Militants say they'll kill Frenchman in 24 hours

AFP - [email protected]
Militants say they'll kill Frenchman in 24 hours
An image grab taken from a video which allegedly shows French tourist, Herve Pierre Gourdel (C), sitting between two armed jihadists. Photo: HO/Jund Al-Khilafa via YouTube/AFP

An Algerian group linked to Isis on Monday threatened to kill a kidnapped Frenchman within 24 hours unless Paris halts air strikes on the Islamic militants in Iraq. France has vowed not to negotiate.


Paris vowed Tuesday it would not negotiate with jihadists who kidnapped a French hiker in Algeria, as the local army raced against time to find him before his threatened execution.

Algerian military planes were combing the mountainous eastern Tizi Ouzou region backed by elite anti-terrorist troops in a desperate bid to find 55-year-old Herve Gourdel, a security source said.

The kidnapping was claimed by Jund al-Khilifa (Soldiers of the Caliphate), a group linked to Islamic State jihadists that has vowed to kill the hostage by Tuesday night if Paris did not stop air strikes in Iraq.

As the deadline loomed, some 20 truckloads of paratroopers also joined the search, a witness said, and police set up roadblocks along the highway that works its way through the mountains.

France opened an official enquiry into the kidnapping, which took place on Sunday in the heart of Algeria's Djurdjura National Park, whose dense forests, deep gorges and picturesque lakes were once a key draw for tourists.

However, in the nineties it became a sanctuary for Islamists who would later swear allegiance to Al-Qaeda, and security forces have been unable to dislodge them.

Jund al-Khilifa was formed recently after splintering from Al-Qaeda in the Islamic Maghreb (AQIM), which experts say has raked in some $120 million (€93 million) in ransom payments in the previous eight years.

Paris -- which has denied accusations it pays ransoms -- refused to be cowed by the threat against Gourdel, and Prime Minister Manuel Valls insisted the country would press on with air strikes alongside the United States.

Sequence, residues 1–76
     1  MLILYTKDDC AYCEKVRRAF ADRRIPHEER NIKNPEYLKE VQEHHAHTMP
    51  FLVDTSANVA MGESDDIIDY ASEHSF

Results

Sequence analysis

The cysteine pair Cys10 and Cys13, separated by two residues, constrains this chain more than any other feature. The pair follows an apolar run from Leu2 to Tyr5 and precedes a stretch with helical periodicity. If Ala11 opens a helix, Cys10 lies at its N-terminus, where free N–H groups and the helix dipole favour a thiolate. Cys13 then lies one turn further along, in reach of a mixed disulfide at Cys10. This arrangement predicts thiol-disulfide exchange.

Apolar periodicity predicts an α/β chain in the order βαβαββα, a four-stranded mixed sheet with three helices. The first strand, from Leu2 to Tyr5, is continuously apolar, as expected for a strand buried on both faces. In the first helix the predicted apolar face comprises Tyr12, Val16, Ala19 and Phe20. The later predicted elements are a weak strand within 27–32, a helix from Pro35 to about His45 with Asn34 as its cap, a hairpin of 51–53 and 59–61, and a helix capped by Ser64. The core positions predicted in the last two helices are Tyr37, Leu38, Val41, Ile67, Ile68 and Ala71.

'No discussion' 

Valls told French radio there would be "no discussion, no negotiation and we will never give in to blackmail. Even if we are, of course, very worried after the authentication of this video."

"If we give in, if we retreat an inch, we will be handing them victory," Valls told Europe 1 radio while on a visit to Germany.

The French government confirmed as authentic a video posted by the group showing the white-haired and bespectacled hostage squatting on the ground flanked by two hooded men clutching Kalashnikov assault rifles.

The video surfaced shortly after IS issued a statement urging Muslims to kill Westerners whose nations have joined a campaign to battle the jihadist group, in particular Americans and French.

The United States has built a broad coalition of more than 50 nations to fight the IS organisation, after the jihadists seized large parts of Syria and Iraq and committed widespread atrocities, including beheadings and crucifixions.

On Friday, France conducted its first air strikes in Iraq.    

"These strikes, this engagement will of course continue," promised Valls.  

The country "cannot be scared of those who threaten it in this way," he said, adding: "I want to convince our compatriots ... that we have never been up against such a threat, in France and in Europe."

However, while the United States launched strikes against the Islamic State jihadists in Syria, France has said it would limit its strikes to Iraq.

24-hour ultimatum

In a YouTube video posted on Monday night, Jund al-Khilifa, which has pledged allegiance to IS, threatened to kill Gourdel within 24 hours unless Paris halts its air strikes.

Gourdel lives in the southern French city of Nice and works as a mountain guide. He arrived in Algeria on Saturday and was seized a day later while hiking with Algerian friends.

The 55-year-old is a passionate photographer who has travelled widely to countries such as Morocco, Jordan and Nepal.

"I have always wanted to capture these incredible landscapes. It was in the Moroccan Atlas mountains that I began to progress. I wanted to bring back images of the people who lived there," he explains on his professional site.

Gourdel's family expressed hope for his freedom and spoke of their anguish at his kidnapping.

"We learned with great pain of the kidnapping of Herve Gourdel, our father, our partner, our son, our brother and our very dear friend," said a family statement sent to AFP.

"Herve, we can't wait to see you again and we are waiting for you," the statement added.

His 82-year-old mother told the Express newspaper the kidnapping was "an ordeal for us". She last heard from her son on Sunday.  

"Everything was fine, he said he was going for a two-day hike and that it would be hard to reach him," she said.



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